Manufacturing Marketing With A Touch

Blog Post By:Rob Hawse

Providing customers with a well-crafted object they can see and feel can quickly communicate product quality and possibilities that instantly forge a connection to your brand.

We live in a world consumed with digital ease, and that includes the world of marketing. Our main tools today: Emails, web sites, applications, e-books, videos, webinars, are all virtual products of unseen programming code.

The good news is that digital marketing is becoming increasingly measurable, enabling us to constantly improve the effectiveness of our campaigns. The bad news is that our work also can be disposed of in a millisecond by a tiny bit of code that is the marketing kiss of death —delete.

As easy as digital makes it to initiate communication with prospects, the fact is it’s just as easy for them to dismiss our messages with a click or two.

That’s because we don’t make anything anymore, at least nothing that customers actually have to touch.

I’m not suggesting we return to the pre-Internet days of marketing and communicate solely with print collateral and postcards, but it’s hard to dispute the increased levels of curiosity one experiences when something “out of the norm” arrives in the mailbox. Especially for manufacturers, whose business is making things, it just makes sense that marketing should include something for your customers to hold in their hands.

Why? For one, it’s much harder to “delete” an object. You can throw it away, but to do so you will have to pick it up and put in the trash can. But even the act of throwing the object away creates an opportunity to pique curiosity. To do that, recipients must touch the object, gaining you seconds of exposure. And if you have created the right object, upon touching it, the recipient, now aware of the quality and craftsmanship, may decide to keep it a bit longer.

The question is, what to make? In many cases, the actual product is too big, too expensive or is proprietary. But there are a few different approaches you could take, depending on your situation. Remember, it doesn’t have to be the actual product. In fact, resisting the temptation to send something too literal affords you the opportunity to connect at a deeper level.

If you make materials that are used to make things, obviously you need to give them some form. For example, the object that Spinneybeck leather sends to their customers, who are largely architects and interior designers, is a baseball made from two different colors of leather with contrasting stitching. The object enables recipients to see how the leather will look in three dimensions, and ascertain the quality by how it feels, how it responds to stitching, and translates to the form. Spinneybeck doesn’t sell baseballs but baseballs help Spinneybeck to sell their leather.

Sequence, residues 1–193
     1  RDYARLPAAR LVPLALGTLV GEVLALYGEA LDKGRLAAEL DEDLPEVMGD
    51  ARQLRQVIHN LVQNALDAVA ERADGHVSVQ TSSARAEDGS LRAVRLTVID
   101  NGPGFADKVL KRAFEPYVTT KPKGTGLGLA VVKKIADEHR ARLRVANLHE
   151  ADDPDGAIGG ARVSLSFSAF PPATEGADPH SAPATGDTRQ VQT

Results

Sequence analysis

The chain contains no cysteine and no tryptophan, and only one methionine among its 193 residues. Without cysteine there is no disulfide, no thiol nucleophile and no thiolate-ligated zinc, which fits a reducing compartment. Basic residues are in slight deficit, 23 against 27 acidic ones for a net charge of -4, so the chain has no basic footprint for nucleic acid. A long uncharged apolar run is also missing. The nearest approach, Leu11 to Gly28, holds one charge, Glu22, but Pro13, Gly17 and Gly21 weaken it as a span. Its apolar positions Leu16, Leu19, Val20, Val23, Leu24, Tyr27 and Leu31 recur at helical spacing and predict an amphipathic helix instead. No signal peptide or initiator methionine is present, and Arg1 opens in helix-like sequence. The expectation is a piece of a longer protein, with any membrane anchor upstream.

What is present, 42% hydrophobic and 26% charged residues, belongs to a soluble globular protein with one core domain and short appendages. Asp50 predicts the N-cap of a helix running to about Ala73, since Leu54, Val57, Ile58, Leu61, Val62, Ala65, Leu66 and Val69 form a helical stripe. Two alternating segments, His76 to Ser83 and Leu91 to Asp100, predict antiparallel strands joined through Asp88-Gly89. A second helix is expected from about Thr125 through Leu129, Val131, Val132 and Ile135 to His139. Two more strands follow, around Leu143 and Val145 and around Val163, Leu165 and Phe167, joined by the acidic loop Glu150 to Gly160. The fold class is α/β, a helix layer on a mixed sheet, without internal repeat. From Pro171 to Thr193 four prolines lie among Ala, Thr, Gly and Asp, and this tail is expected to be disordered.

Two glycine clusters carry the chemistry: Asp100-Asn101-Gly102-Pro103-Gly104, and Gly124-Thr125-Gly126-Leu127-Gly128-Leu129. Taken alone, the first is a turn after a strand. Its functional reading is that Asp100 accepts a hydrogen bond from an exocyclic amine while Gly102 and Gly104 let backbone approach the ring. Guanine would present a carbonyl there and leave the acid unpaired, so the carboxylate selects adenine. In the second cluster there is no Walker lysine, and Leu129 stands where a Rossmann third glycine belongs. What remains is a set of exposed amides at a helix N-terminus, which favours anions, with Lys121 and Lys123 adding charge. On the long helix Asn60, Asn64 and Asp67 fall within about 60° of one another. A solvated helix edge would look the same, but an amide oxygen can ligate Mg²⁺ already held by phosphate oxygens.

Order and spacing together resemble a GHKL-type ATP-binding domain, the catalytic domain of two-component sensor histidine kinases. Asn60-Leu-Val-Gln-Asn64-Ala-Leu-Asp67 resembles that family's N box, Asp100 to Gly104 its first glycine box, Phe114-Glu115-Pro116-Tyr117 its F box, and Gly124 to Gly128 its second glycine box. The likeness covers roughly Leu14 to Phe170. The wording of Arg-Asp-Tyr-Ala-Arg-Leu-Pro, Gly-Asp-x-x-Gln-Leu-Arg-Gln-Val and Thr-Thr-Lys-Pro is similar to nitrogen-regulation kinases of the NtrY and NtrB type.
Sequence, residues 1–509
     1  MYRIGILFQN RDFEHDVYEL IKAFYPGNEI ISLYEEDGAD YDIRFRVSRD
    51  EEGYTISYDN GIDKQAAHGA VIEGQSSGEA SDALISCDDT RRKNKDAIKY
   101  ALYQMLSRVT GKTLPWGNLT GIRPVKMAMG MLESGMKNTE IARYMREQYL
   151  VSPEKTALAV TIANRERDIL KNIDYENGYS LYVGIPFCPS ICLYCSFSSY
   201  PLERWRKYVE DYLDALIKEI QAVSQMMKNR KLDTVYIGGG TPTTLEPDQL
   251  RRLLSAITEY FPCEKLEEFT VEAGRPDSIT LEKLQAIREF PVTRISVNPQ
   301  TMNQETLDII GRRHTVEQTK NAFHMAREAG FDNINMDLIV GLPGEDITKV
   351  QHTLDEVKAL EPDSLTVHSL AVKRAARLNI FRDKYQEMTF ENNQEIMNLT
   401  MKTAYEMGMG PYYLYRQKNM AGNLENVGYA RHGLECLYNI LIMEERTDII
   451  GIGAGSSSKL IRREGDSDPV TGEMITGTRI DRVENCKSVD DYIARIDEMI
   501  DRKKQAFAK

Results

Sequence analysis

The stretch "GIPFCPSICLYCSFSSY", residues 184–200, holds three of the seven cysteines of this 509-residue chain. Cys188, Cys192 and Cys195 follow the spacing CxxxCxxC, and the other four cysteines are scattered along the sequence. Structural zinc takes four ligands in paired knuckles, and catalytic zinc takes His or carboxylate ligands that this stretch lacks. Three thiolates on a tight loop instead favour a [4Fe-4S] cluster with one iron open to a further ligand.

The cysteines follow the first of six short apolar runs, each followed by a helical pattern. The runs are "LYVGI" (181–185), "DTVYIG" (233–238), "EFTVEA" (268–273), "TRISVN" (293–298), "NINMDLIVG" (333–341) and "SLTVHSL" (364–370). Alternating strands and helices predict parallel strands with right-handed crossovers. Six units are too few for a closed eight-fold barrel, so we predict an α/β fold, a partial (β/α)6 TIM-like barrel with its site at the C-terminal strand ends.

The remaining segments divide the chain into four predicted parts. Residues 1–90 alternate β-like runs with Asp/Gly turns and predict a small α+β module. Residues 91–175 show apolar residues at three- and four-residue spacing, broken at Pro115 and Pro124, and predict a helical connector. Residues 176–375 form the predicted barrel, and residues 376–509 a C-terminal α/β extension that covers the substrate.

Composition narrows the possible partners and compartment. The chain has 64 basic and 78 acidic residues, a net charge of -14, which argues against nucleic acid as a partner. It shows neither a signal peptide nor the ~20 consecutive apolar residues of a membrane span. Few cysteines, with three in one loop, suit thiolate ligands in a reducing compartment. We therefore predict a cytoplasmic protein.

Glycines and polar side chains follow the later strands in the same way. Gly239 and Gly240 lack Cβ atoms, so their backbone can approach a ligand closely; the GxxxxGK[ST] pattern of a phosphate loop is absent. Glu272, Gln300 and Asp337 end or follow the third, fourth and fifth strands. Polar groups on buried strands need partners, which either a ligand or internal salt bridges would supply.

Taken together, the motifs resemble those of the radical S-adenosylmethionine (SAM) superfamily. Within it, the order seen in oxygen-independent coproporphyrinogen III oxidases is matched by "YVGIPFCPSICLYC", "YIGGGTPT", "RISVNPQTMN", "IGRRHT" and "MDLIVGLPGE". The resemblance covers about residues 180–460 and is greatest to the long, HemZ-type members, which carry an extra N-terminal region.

Makers of furniture or similar finished goods might consider creating limited edition miniature collectible versions of their products, an indirect sales strategy that positions your branded object as a collector’s item. For example, many high-profile furniture companies have licensed their most iconic designs to The Vitra Design Museum in Weil am Rhein, Germany. The Vitra mini-chairs were “created as a way of making the collection available to the public – not just through two-dimensional means, but through the tactile pleasure of meticulously handcrafted, three-dimensional models.” The chairs are available for purchase online at the museum gift store.

Manufacturers of proprietary parts obviously can’t send out customers’ parts for promotion, but one option would be to challenge in-house engineers to design show parts that would demonstrate features and benefits without having to divulge trade secrets. Not only will sales have something tangible to hand their prospect, you also may discover new capabilities and product opportunities for your company in the process!

Sales and distribution are always looking for new ways to demonstrate why your product is the best fit for the job. It can be tough to communicate the value of a three-dimensional object via eblast or webinar and even harder for the decision maker to understand it that way. But if you can provide those seeking well-crafted products and services with something they can see and touch, they will immediately understand what they are looking at. In fact, this “high touch” approach to marketing manufacturing or manufactured goods might be just what you need to differentiate yourself from your competition.

The three-dimensional branded object can serve as your ambassador long after the object has been received and the sales meeting is over. It also will continue to represent you and your goodwill long after the deal has been closed — and your bottom line will feel it.

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